East Asia-UK transnational education partnerships
UK transnational education (TNE) refers broadly to higher education programmes – from undergraduate to doctorate – provided entirely or partly outside the UK but leading to a UK award or a dual award.
East Asia was seen as a laboratory for developing various TNE models and the region has hosted the most UK TNE students and programmes since 2010. Professor Richard Wells, Pro-Vice Chancellor (International) will present the key findings of PEER at the ‘Going Global’ Conference in Singapore on 30 November 2022.
Between 2010 and 2020, the 15 East Asian countries have hosted 2.3 million UK TNE students, in comparison to 1.9 million East Asian students who studied in the UK. Malaysia has hosted the most UK TNE students, followed by China, Singapore, and Hongkong. Over 50% (or 117) of all UK higher education institutions have engaged in collaborative TNE partnerships with East Asia since 2010.
UK universities often see TNE as a way to establish their reputation overseas and diversify revenue. In many Asian countries, TNE is a way to privatise and internationalise their higher education sectors to meet domestic student demands, as in China and Vietnam. Some countries, such as Malaysia, Singapore and Hong Kong have become regional TNE Hubs attracting both domestic and international students.
The Covid pandemic has opened pandora’s box and accelerated the pace. The pandemic has forced things to happen very quickly, that otherwise could have taken many years. Sharing reflections at the PEER Roundtable Dialogue in October, Miss Jane Delfino, Doctoral candidate of the Dual Award PhD programme between the University of the Philippines and Reading University, said:
“Moving forward, I see a lot of potential in doing online and distance learning with the flexibility and adaptability demonstrated by both universities, while ensuring the quality of that education we are receiving.”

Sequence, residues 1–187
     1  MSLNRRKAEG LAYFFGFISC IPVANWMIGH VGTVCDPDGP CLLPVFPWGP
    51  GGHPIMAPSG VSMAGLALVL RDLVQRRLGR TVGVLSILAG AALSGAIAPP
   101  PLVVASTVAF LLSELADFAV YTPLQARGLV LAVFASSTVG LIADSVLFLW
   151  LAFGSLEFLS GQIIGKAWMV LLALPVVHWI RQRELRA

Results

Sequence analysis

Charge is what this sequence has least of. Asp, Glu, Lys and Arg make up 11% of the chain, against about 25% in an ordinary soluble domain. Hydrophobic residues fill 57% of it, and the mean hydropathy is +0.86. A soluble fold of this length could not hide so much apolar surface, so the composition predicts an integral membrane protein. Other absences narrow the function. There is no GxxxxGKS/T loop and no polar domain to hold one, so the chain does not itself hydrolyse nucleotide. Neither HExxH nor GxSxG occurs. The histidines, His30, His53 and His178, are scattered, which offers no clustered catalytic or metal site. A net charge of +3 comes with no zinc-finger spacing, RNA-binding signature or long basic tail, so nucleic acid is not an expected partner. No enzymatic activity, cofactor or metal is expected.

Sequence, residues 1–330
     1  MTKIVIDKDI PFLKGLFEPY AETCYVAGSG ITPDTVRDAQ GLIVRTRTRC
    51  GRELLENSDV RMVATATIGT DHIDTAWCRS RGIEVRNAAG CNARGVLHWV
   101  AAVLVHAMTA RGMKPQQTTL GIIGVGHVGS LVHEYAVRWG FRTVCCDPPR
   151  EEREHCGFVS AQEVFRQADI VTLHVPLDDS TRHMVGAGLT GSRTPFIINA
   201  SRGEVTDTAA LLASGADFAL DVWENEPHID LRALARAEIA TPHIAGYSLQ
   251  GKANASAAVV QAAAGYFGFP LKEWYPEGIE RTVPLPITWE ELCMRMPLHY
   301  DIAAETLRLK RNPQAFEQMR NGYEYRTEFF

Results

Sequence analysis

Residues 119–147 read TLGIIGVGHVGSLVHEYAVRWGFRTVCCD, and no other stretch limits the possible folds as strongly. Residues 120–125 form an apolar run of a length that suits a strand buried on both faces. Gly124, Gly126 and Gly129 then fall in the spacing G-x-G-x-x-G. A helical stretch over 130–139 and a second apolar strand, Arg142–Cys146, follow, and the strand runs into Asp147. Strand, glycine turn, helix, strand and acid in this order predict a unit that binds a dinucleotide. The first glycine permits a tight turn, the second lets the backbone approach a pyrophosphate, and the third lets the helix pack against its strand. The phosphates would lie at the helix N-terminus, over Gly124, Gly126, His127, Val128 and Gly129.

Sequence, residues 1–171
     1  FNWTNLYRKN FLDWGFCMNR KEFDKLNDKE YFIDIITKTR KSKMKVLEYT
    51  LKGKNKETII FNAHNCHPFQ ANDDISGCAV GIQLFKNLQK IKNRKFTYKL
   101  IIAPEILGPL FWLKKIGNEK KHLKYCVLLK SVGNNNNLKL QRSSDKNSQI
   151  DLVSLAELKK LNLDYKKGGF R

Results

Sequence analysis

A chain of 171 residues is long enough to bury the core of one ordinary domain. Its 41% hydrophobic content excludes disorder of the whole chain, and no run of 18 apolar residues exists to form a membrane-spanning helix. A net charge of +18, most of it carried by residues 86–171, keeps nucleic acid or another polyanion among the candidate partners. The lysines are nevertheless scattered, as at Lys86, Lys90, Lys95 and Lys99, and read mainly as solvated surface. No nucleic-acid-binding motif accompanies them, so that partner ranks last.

‘Global Britain’ meets outward looking ASEAN
Despite a turbulent decade caused by Brexit and the Covid-pandemic, the UK has placed a priority on developing knowledge, skills and innovation with partners as part of the ‘Global Britain’ strategy. However, the success of ‘Global Britain’ depends not simply on the energy and resources the UK devotes to it but also on the participation of its partners.
Since 2021 the UK has become an ASEAN’s Dialogue Partner – a status that the United States, Australia, the European Union have already assumed. The UK and ASEAN are charting the areas and modalities of cooperation for the years to come.
Closing the PEER conference in October, Ms Lotus Postrado, Director, British Council Philippines, expressed:
“The PEER project is useful for us to map out, in the next few years, what particular higher education partnerships and initiatives at the policy and institutional levels we could do more to contribute to the UK-ASEAN Plan of Action.”
*List of collaborators
Nanyang Technological University, Singapore
Chulalongkorn University, Thailand
Lingnan University, Hongkong
Fukuyama City University, Japan
SEAMEO Centre for Vocational and Technical Education and Training, Brunei
Asia-Europe Foundation (ASEF), Singapore
ASEAN University Network (AUN), Thailand